2CO 4:8-11 “We are hard pressed on every side, but not crushed; perplexed, but not in despair; persecuted, but not abandoned; struck down, but not destroyed. We always carry around in our body the death of Jesus, so that the life of Jesus may also be revealed in our body. For we who are alive are always being given over to death for Jesus’ sake, so that his life may be revealed in our mortal body.”
AC 4:23ff (condensed) “On their release, Peter and John went back to their own people and they raised their voices together in prayer to God. ‘Lord, consider their threats and enable your servants to speak your word with great boldness. Stretch out your hand to heal …’ After they prayed, the place where they were meeting was shaken. And they were all filled with the Holy Spirit and spoke the word of God boldly.”
The response to physical threats seems to be prayer and bold proclamation of God’s word, and prayer for miracles of healing (!), not taking up arms in self-defense. There is only one place in the New Testament where a follower of Jesus took up a weapon in self-defense, and he was stopped by Jesus (Mt. 26:52).
There were instances where Peter and Paul inflicted punishments (Acts 5:1-11, 13:11), but these were not in self-defense.
It seems that in Scripture when weapons are used, they are used in judgement (1 Sam. 15:2-3,33; Is. 34:6-8, etc.), though Est. 9:15 is an exception to this. But the self-defense in Esther is the result of a miracle of God, and the people did not arm and defend themselves before the decree was issued instructing them to do so, and Esther risked her life to approach the king and ask for this deliverance. So even this is clearly not teaching “if you are attacked, then arm and defend yourself”:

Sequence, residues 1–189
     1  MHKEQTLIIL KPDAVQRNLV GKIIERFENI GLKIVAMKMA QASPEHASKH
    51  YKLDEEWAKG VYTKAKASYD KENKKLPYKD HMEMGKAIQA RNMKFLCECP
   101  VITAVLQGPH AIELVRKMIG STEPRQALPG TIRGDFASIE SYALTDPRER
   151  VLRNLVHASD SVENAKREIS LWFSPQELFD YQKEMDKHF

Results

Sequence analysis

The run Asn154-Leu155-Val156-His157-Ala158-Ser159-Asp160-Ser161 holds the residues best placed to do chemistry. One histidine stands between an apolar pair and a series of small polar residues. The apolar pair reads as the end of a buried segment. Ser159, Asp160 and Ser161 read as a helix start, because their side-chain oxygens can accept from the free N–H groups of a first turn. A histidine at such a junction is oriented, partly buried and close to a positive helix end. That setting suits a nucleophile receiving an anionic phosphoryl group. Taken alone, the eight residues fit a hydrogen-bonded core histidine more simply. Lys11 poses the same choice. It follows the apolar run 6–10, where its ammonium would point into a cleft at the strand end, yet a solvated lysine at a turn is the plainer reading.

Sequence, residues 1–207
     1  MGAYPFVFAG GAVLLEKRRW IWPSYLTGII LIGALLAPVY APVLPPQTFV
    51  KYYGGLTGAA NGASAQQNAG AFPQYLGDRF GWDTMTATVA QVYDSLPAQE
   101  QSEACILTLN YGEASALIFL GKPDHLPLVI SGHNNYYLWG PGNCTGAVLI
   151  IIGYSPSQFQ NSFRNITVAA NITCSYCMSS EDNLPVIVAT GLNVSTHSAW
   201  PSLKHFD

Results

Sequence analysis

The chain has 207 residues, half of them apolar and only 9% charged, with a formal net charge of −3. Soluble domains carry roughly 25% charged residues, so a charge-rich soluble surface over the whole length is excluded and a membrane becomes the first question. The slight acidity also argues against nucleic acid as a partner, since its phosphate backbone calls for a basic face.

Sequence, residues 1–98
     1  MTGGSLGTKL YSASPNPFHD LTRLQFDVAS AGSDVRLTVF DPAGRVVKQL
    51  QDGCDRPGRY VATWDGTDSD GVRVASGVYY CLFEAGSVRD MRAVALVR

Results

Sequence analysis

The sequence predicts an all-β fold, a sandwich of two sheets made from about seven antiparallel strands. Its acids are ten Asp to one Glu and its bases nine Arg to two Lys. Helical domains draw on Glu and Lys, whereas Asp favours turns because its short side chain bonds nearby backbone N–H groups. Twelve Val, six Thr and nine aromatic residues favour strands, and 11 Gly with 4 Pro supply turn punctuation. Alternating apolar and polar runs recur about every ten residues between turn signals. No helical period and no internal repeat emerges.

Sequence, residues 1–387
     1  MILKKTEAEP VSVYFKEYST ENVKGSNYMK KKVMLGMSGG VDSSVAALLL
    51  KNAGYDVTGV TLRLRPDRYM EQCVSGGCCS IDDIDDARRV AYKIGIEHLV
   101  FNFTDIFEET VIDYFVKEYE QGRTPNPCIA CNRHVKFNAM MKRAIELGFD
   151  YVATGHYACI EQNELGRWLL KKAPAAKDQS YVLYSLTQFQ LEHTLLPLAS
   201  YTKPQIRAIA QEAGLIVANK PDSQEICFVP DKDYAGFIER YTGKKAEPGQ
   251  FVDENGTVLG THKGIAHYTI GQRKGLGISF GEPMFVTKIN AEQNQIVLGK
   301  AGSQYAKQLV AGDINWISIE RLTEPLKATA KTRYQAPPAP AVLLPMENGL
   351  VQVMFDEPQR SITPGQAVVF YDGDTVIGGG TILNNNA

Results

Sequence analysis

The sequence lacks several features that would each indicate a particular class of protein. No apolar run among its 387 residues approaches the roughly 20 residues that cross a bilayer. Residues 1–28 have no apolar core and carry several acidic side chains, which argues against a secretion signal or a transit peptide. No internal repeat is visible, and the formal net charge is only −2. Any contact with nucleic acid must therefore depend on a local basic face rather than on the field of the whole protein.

EST 4:1 “When Mordecai learned of all that had been done, he tore his clothes, put on sackcloth and ashes, and went out into the city, wailing loudly and bitterly.”
Jesus gave a clear command as the rule for how to respond to personal attack:
MT 5:39 “But I tell you, Do not resist an evil person. If someone strikes you on the right cheek, turn to him the other also.”
And though he made a whip of cords, he also used this only in judgment, and not in self-defense.
He taught the way of the cross, “for all who draw the sword will die by the sword.” When Jesus said to buy a sword, he may well have meant the sword of the Spirit, a copy of the word of God, for when he was told they had two metal swords, he responded “That is enough” (Luke 22:38).
“For the wont of the old law was to avenge itself by the vengeance of the glaive, and to pluck out ‘eye for eye,’ and to inflict retaliatory revenge for injury. But the new law’s wont was to point to clemency, and to convert to tranquility the pristine ferocity of ‘glaives’ and ‘lances,’ and to remodel the pristine execution of ‘war’ upon the rivals and foes of the law into the pacific actions of ‘ploughing’ and ’tilling’ the land. Therefore as we have shown above that the coming cessation of the old law and of the carnal circumcision was declared, so, too, the observance of the new law and the spiritual circumcision has shone out into the voluntary obediences of peace.” – Tertullian (c. 198-220)
“We have learned not only not to return blow for blow, nor to go to law with those who plunder and rob us, but to those who smite us on the one side of the face to offer the other side also, and to those who take away our coat to give likewise our cloak.” – Athenagoras (c. 180)